Men and Divorce: What’s Holding Us Back

In a recent livestream, Ben and Nikki talked to Kate Anthony and Susan Guthrie about the cultural implications of Men and Divorce. It’s no secret that men stereotypically have a harder time talking about their feelings and dealing with the emotional side of divorce. Women are also more likely to file a divorce, with 75% of divorces being filed by women. It can be argued that this is due to the women being the “doers” in the relationship, but some have more bitter opinions on why that statistic exists. Nonetheless, there seems to be a strong cultural divide between how men and women are supposed to differentiate in how they handle their divorce, emotionally and logistically. 

If there’s anyone that’s not the norm, it’s Ben. Unique and not afraid to tell it like it is, Ben feels like this idea that men can’t talk about their feelings and set aside their ego is what’s holding more people back from having the happy divorce that he and Nikki have. In this open letter, Ben talks about what he did in his situation to find a healthier approach, which ultimately led to the Our Happy Divorce family that we have today. 

From Ben: 

I’m not a therapist. I don’t know why men don’t talk about their feelings. Even before my divorce, I had a hard time talking about my feelings, and that is because I’ve been socialized to be a “man,” which to me meant that I am independent and strong. Whenever I feel vulnerable or get a feeling like my initial reaction was incorrect, I either get mad or withdraw in my “cave.” In the beginning of my divorce with Nikki, I did just that. I was so twisted up in the emotion of anger, resentment, and fear that I reacted in a negative way that had many implications. We could have probably gotten to a happy divorce sooner if I would have just realized that we both did things that resulted in our divorce and that we needed some time to heal. 

I also told myself that I could handle it and that it isn’t even that big of a deal. What a mistake that was. This was a HUGE deal, and one that would be the hardest time of my life, but also the best thing that could have happened for me, Nikki, and Asher. Because, after all is said and done, Nikki and I both have found the people that we’re supposed to be with and we have one big amazing family. This is something I never could have imagined at the beginning of our divorce.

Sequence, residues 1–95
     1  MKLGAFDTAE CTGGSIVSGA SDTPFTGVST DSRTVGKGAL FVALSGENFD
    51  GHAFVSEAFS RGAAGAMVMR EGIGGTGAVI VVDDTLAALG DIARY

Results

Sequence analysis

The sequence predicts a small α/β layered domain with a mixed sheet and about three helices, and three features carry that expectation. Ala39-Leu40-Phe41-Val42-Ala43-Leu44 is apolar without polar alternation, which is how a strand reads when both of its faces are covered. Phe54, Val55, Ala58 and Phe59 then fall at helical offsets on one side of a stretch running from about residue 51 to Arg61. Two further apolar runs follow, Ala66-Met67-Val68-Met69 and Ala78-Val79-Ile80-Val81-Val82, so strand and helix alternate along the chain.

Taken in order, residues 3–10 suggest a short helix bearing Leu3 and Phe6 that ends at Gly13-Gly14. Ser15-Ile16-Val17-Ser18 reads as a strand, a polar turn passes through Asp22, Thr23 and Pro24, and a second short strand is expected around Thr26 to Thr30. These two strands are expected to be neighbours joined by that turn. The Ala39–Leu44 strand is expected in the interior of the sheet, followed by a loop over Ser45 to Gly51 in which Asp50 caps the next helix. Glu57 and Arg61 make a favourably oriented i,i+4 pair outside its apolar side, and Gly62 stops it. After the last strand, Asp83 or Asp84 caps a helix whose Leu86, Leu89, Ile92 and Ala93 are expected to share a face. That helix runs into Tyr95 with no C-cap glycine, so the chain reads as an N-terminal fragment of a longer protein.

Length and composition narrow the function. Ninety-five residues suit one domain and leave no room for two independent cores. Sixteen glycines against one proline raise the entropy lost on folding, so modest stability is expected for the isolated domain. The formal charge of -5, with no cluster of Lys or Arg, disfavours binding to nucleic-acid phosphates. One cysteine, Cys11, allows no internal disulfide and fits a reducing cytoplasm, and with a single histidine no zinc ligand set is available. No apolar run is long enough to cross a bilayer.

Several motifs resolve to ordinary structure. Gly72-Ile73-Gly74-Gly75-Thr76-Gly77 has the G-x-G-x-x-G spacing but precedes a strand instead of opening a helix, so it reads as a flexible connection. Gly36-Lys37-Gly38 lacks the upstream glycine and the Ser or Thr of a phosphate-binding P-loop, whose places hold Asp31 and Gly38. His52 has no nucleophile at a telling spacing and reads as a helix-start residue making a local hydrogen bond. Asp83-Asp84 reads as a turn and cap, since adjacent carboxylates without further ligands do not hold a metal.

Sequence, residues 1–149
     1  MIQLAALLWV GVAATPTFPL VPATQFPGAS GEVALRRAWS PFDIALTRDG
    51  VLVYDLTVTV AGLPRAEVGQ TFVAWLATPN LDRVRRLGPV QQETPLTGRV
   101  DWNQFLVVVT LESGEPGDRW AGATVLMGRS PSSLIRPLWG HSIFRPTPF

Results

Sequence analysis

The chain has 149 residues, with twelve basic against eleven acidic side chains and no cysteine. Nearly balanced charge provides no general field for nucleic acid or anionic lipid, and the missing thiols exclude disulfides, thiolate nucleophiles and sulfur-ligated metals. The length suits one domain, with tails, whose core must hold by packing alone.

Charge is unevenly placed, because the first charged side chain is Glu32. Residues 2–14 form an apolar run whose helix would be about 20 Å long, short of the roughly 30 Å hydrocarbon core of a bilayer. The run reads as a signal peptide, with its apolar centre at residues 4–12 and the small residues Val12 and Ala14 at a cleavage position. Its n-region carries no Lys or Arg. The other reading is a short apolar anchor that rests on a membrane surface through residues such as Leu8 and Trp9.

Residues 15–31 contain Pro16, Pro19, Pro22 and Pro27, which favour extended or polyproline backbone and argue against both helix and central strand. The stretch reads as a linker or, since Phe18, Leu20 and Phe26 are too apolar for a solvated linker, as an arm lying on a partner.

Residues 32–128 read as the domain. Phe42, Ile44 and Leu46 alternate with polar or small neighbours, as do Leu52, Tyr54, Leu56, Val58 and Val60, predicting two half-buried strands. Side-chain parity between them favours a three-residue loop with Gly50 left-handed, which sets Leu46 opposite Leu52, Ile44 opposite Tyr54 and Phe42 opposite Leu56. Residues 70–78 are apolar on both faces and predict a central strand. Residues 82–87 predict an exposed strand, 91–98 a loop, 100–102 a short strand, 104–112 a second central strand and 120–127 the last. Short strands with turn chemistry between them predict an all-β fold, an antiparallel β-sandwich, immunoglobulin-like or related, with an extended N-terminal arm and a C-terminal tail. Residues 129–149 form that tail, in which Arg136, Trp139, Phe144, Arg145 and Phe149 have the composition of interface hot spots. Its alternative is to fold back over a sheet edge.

I believe that if men allow their ego to hold them back from finding their happy divorce, they’re ultimately hurting themselves and their children. Nothing gets in the way of a healthy relationship — both your relationship to yourself and your relationships with other people — like an ego. Until you let that go and let the notion that you have to be strong, unemotional, and independent, you will never be able to find a happy divorce. 

There’s also a cultural vein that says we have to paint our ex out to be the villain, especially with men that I’ve encountered in the divorce community. This is simply still your ego putting your ex down so that it can falsely build you up and make you feel better. However, the person that suffers as a result of that is your child. Painting the mother of your child in a bad light will not go unnoticed, and that can be extremely hard and confusing on your kids. 

At the end of our marriage, and the beginning of the divorce process, I told myself that it was all Nikki’s fault. She was the “villain” and if she had only done this or if she had only done that, our marriage would not have fallen apart. This finger-pointing and laying the blame at Nikki’s feet enabled me to justify my own behaviors and actions. It wasn’t until I was willing to accept that it takes two to make a marriage work and two to ruin it that we could actually move forward in a positive way. I had to be honest with myself and find my shortcomings and defects of character to really realize all factors that contributed to the ending of our marriage. 


Through my experience on this planet, I have had the worst outcomes, not only in relationships but in every aspect of my life, when I let my ego get in the way. I would love men to be okay with letting go of their ego, getting honest with themselves and being okay with being more vulnerable. That uncomfortable feeling is where growth happens, not just individually, but as a society as a whole. 

To listen to all of our full livestream recordings, visit our Youtube page.

If you have any questions for us or Ben directly, we are always open to hear your story and help in any way we can on Facebook, Instagram, and Twitter. We also have a private community at the Our Happy Divorce Facebook Group where you can talk with people going through the same situation you are right now.

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